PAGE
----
5 Years After Launch, Predictions Market Platform Augur Releases Version 2

5 Years After Launch, Predictions Market Platform Augur Releases Version 2

The Takeaway:

  • Augur released the second version of its betting platform Tuesday.
  • The project was one of Ethereum’s first in 2015 with angel investments from Vitalik Buterin.
  • Its v2 adds a suite of new crypto tools including IPFS, MakerDAO’s Dai, 0x Mesh and Uniswap’s pricing oracles.

The ultimate decentralized finance (DeFi) money Lego has arrived: Augur Version 2 released July 28, according to the Forecast Foundation.

“The Augur v2 protocol contracts have been successfully deployed to the Ethereum Mainnet. The contracts have been verified on Etherscan, and the deployers address can be found here,” the blog reads.

Originally launched in 2015, Augur was one of the first initial coin offerings (ICO) and Ethereum apps to garner notable attention for its blockchain betting market. And now v2 has all the bells and whistles of today’s DeFi market including the Interplanetary File System (IPFS), 0x Mesh, MakerDAO’s dai and Uniswap’s v2 oracle network.

The first version was notoriously clunky, slow and generally unusable despite its well-known presence in the crypto community. Originally, Augur was loosely based on Yale statistician Paul Sztorc’s Truthcoin, a prediction protocol built on the Bitcoin blockchain. (Sztorc has no affiliation with the project, according to a 2015 blog).

A second version had been in the works since the project’s early days, according to two of its founders, Jack Peterson and Joey Krug.

“The first version of Augur will likely be somewhat slow and slightly expensive (think pennies and many seconds per trade), but it’ll certainly be a beautiful glimpse of what’s to come.” the team wrote in a 2017 Medium article.

And, just as Eth 2.0 has faced unseen delays, so has Augur v2. Yet, with all that time, the team has been able to add a whole slew of Ethereum projects to its betting platform.

Off to the races

Augur is an oracle. Oracles bring off-chain data on-chain.

That second sentence may have only seven words, but it’s far more difficult to implement than to summarize. The main difference is that on-chain data is objective while off-chain data is subjective.

When you send a bitcoin transaction, you press a button and the network records it. Nothing much to dispute. Off-chain data, on the other hand, is the world of CNN, Fox News and Facebook wine moms. We don’t know what the truth is – we only have “reports” of what occurred.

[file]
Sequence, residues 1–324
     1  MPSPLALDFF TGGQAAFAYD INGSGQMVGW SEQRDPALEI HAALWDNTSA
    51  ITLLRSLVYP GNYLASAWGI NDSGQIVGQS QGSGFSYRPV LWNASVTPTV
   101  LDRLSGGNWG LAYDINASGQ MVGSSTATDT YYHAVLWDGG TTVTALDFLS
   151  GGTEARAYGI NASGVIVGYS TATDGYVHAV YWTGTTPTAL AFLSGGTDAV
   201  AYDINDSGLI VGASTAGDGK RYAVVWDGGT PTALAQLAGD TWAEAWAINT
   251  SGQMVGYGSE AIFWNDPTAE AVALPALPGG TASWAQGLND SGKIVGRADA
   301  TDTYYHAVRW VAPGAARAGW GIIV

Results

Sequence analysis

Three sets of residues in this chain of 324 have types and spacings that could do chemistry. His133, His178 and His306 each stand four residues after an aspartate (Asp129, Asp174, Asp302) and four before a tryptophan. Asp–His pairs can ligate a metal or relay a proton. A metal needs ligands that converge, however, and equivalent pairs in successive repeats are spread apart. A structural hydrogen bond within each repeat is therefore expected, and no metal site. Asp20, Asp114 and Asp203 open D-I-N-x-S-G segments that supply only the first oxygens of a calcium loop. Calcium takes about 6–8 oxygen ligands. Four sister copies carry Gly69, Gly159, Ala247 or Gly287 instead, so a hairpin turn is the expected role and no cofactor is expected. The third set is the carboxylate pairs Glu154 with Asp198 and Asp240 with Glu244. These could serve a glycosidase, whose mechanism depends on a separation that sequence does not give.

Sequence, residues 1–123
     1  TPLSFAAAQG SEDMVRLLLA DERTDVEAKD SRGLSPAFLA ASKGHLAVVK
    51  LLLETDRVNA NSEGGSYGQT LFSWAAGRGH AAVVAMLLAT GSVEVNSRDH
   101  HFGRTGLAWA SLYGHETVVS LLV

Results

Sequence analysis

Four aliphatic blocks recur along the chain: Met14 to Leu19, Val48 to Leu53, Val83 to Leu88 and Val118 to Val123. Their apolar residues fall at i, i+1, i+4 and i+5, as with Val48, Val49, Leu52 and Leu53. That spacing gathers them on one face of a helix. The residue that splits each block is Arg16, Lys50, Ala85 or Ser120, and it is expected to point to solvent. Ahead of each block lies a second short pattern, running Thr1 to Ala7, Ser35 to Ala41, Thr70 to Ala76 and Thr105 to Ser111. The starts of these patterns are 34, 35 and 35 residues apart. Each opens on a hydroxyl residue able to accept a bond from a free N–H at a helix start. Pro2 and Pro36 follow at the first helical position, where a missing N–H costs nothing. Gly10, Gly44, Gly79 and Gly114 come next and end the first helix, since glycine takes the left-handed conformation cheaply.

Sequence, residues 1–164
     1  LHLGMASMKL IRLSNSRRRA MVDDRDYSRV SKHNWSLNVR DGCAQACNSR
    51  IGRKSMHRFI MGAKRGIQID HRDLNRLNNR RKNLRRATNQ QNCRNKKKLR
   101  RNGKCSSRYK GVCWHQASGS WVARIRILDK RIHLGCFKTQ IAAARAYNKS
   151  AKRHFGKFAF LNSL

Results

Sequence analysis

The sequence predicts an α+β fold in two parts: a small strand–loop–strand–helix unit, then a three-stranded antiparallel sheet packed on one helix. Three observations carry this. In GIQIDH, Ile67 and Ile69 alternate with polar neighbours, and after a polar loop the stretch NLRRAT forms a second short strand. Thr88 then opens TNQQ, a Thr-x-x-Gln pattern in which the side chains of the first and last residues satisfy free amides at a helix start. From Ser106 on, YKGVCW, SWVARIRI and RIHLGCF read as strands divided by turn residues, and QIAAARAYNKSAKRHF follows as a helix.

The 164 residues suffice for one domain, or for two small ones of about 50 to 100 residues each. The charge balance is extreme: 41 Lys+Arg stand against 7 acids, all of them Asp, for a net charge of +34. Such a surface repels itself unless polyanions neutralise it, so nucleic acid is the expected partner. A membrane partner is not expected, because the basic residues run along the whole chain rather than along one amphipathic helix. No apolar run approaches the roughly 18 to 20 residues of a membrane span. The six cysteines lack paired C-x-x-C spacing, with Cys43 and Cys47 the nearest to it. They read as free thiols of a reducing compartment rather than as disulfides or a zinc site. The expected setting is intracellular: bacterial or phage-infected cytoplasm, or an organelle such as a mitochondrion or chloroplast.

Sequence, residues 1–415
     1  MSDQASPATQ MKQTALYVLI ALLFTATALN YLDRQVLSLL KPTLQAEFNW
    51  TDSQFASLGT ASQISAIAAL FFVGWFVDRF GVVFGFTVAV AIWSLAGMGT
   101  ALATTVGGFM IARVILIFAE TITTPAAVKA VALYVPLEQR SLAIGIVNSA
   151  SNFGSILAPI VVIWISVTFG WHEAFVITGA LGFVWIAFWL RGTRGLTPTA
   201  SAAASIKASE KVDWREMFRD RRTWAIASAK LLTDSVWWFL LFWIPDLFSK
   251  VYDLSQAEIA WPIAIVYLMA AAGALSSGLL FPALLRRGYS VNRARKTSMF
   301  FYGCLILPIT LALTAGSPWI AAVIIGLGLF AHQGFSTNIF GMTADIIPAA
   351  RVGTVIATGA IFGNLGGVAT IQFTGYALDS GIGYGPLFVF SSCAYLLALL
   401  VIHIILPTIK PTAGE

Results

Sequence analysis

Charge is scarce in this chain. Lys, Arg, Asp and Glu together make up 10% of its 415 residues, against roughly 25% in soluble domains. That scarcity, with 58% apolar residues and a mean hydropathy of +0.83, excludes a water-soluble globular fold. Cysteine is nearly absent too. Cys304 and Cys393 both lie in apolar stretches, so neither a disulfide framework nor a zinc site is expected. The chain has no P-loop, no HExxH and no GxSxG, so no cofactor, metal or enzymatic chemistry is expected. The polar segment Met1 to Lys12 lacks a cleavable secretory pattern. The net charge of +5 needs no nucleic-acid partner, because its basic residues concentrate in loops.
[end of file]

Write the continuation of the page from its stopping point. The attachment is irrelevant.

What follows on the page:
At its core, that’s what Augur (and its predecessor Truthcoin) try to do through fancy tokenomics: turn real-world events into wagerable events on blockchains. It’s also what oracle networks such as Chainlink and Band Protocol attempt to do.

Doing so successfully requires systems to encourage users to not misreport information and also to agree on one interpretation of an event. If this is even possible to accomplish at scale remains questionable.

Augur has three different betting types: a Yes/No market, a categorical market with up to eight choices and a scalar market between zero and 100, Tom Kysar, director of operations at Augur’s Forecast Foundation, told CoinDesk in an interview.

In the past, Augur v1 allowed certain markets to be declared “invalid” if the outcome of an event could not be properly diagnosed, but it led to many bets being negated.

Augur v2 will expand on this logic by allowing betters to wager on an additional option for all markets: invalid. An invalid market wager option helps demonstrate with money that betters think the wager was poorly constructed, Kysar said.

“‘Invalid’ [becomes] an explicitly tradable outcome in the market,” said Kysar.

One other perk of v2 over v1 is the settlement period. Market’s on the first iteration of Augur required seven days to close. Now it’s been trimmed between 48 to 72 hours assuming a market isn’t contested, Kysar said.


Augur is serverless, according to a blog released Monday. No, Augur doesn’t transcend modern computing – a byte has to be hosted somewhere. However, Augur has integrated the Interplanetary File Systems (IPFS) for decentralized client storage.